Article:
While many enthusiasts would happily opt to be behind the wheel of cars such as the Porsche 718 Spyder, global sales figures of sports-SUVs suggest the demand for stirring performance allied with usable levels of versatility and practicality remains high.
Launched in South Africa nearly three years after the debut of the impressive standard car, the F-Pace SVR carries Jaguar’s hopes of capturing lucrative market share ahead of the imminent arrival of its biggest rivals, the new BMW X3/X4 M twins and updated Porsche Macan Turbo and Mercedes-AMG GLC63 derivatives.
A distinct and suitably lithe-looking package to begin with, adding a level of muscular presence to the fastest F-Pace was surely a task welcomed by JLR’s Special Vehicle Operations division. The heavy-hitting result introduces larger intakes in the front bumper, bonnet ducts atop and deep vertical air vents aft of flared front wheelarches. There are more vertical slashings at the rear, where slim reflector blades bookmark a revised bumper housing a set of signature quad exhaust tailpipes. If standard 21-inch alloy wheels aren’t purposeful enough, an upgrade to 22-inch items (as per our test unit) is a R21 600 tick away.
In contrast to the brawny exterior stance of the F-Pace SVR stand a pair of slender front bucket seats that add both a touch of sophistication and purpose to the cabin; their slim backrests simultaneous increases the roominess at the rear of the car.
Three years into its lifecycle – and with a range update likely to reach us during the course of 2020 – it’s to be expected the F-Pace’s interior treatment, especially its infotainment technologies, isn’t quite as modern as the likes of its current Range Rover stablemates. That said, the configurable touchscreen unit fitted to the SVR offers clear and concise functionality.
Another area where the F-Pace shows its relative age compared with newer rivals is in the richness of its standard trim. Not immediately obvious based on the of the plush fit and feel of the finishes ahead of your eyeline, closer inspection of the door pockets, lower transmission tunnel and B-pillars reveals a firmness to touch jarring with the SVR’s asking price. (On the subject of value, an item like keyless entry really should be standard in this league.)
While “meshed” aluminium trim bits can be upgraded to mimic carbon inlays, the SVR’s interior is distinguished from its less powerful siblings via the inclusion of a pistol-grip transmission lever (with metal steering wheel-mounted paddles) where, for the time being, the rest of the range features Jaguar’s rising rotary item.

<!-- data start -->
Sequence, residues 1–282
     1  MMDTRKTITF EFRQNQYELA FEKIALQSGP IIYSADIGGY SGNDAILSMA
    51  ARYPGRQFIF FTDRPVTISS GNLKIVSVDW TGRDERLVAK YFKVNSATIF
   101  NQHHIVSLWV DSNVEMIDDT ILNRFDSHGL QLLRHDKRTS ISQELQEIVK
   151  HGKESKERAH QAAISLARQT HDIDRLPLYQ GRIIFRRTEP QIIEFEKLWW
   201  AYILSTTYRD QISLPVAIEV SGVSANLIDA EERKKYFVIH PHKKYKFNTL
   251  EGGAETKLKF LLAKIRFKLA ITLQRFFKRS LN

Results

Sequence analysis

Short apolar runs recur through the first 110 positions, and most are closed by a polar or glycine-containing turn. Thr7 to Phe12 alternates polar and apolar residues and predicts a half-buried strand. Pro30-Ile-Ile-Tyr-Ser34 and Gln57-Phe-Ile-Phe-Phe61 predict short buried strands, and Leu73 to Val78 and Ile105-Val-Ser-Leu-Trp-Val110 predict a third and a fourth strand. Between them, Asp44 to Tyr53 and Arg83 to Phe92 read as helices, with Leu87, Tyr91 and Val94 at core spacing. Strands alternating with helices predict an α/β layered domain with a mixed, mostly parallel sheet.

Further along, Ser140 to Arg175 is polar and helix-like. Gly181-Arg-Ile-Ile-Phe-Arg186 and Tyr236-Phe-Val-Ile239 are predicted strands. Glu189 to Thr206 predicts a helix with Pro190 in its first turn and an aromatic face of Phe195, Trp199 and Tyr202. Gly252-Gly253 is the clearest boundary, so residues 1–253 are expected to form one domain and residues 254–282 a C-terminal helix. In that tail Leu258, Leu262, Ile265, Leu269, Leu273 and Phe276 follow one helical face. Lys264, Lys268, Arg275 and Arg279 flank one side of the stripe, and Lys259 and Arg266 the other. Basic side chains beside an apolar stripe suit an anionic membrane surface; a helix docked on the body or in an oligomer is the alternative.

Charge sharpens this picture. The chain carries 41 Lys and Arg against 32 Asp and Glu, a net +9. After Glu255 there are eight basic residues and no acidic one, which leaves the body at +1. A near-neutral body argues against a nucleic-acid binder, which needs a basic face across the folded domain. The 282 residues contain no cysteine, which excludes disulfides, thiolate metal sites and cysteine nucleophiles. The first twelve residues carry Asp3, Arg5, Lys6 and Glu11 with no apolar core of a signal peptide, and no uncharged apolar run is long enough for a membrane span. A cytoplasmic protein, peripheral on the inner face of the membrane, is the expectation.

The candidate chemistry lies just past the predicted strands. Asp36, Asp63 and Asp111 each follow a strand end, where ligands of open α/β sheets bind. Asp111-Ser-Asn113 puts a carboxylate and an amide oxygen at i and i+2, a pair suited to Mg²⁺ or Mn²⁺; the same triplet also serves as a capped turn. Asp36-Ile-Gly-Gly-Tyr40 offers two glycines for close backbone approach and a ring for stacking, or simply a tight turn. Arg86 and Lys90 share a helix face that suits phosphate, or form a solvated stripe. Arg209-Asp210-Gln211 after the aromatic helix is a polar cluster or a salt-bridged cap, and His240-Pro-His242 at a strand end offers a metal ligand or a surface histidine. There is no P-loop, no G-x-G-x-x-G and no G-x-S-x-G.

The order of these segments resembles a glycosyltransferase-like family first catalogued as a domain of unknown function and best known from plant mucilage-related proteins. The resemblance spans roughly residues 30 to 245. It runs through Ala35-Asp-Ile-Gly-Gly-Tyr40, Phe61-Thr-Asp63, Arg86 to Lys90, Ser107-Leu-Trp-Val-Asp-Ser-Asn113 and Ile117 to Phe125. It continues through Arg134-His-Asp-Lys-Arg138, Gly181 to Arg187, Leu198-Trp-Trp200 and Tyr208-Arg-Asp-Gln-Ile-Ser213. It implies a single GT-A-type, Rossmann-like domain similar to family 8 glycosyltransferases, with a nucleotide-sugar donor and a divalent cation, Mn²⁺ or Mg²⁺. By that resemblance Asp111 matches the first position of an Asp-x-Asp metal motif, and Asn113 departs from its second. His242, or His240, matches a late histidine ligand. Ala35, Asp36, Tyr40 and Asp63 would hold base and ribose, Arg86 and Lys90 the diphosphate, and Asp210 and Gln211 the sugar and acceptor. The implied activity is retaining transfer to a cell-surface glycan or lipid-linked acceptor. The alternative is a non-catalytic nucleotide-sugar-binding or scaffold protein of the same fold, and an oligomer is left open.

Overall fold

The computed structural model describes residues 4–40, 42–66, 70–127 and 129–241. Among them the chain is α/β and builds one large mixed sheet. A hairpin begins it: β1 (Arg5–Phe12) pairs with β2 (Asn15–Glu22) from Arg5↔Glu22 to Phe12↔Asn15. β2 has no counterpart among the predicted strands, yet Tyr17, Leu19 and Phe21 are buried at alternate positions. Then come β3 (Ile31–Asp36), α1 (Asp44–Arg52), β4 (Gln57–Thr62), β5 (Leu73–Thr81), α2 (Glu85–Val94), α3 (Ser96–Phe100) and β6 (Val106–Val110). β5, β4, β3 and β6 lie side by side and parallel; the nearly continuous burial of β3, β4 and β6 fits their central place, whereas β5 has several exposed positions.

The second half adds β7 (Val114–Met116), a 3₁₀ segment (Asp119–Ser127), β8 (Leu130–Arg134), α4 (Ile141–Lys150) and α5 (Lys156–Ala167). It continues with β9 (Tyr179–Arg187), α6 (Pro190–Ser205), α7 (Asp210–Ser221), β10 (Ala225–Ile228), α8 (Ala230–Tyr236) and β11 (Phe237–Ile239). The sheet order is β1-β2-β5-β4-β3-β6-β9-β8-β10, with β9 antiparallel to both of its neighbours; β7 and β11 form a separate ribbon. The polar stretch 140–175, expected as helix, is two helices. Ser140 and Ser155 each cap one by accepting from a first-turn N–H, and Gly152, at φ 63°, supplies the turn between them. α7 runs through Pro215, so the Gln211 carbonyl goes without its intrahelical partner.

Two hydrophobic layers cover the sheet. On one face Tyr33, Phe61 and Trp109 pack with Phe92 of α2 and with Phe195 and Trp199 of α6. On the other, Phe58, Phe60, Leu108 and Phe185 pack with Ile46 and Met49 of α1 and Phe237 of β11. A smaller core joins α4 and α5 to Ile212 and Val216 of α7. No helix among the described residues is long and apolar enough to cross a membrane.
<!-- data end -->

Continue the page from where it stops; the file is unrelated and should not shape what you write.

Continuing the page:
It wouldn’t be an SVR-branded product if it didn’t feature the brand’s mighty supercharged 5,0-litre V8 beneath its bonnet. Offering 405 kW and 680 N.m of torque, this engine impresses once more with its effortlessly linear nature. In the F-Pace application, this includes sending torque to all four wheels via a slick ZF-sourced eight-speed transmission and (a first for Jaguar) torque vectoring active E-diff position between the rear wheels.
With such an impressive drivetrain setup, it remains a mystery how all the touted aluminium work within modern Jaguar-badged products doesn’t translate to significantly lower mass. While the 2 148 kg F-Pace SVR was able to blast from standstill to 100 km/h in just 4,58 seconds, imagine what could be achieved were it to shed around 200 kg and so more closely matching its modern rivals.
Styling aside, where the F-Pace wins immediate favour even among diehard fans of its rivals is with its exhaust note. Able to just about blend into the background while driving in (tamest) eco mode, the ever-present V8 burble remains constant, anything but the gentlest of throttle inputs awakening the beast once more. With more aggressive driving modes (normal and dynamic) available, as well as a sports-exhaust function at your disposal, it’s safe to say that – as with most SVR-branded products – driving the top-of-the-range F-Pace is anything but a subtle experience. Some testers savoured every moment; others mentioned growing a little tiresome of “the bark”, notably while dropping their young offspring at school. Regardless, all admitted to smiling broadly at some stage during their respective commutes.
Smiles eased somewhat once fuel consumption figures were displayed, although a fuel-route average of 12,1 L/100 km proves the SVR does, in fact, possess a (relatively) frugal side to its personality.
With coil springs stiffened by 30% at the front (and 10% at the rear) compared with the standard car’s, as well as uprated adaptive dampers all-round, it’s a tribute to the well-engineered underpinnings of the F-Pace that the default ride quality (even on 22-inch rubber) of this most focused derivative is one of the highlights of the package. Combined with superbly weighted steering and body control belying this vehicle’s mass, there’s an impressive level of composure in everything the SVR does, from heading to the local mall or setting course for a mountain pass.
With its mass distributed perfectly over both axles, the fastest F-Pace makes optimal use of its ZR-rated Pirelli P Zero rubber (265/40 ZR22 at the front and 295/35 ZR22 at the rear) to offer impressive levels of grip and near sportscar levels of mid-corner balance, allowing you to blast out of corners with more verve than any of your four passengers might anticipate.
An uprated braking system, including 396 mm ventilated front discs, adds a welcome level of stopping prowess to the package, recording an average of just 2,80 seconds from 100 km/h to standstill on our test day.
Road test score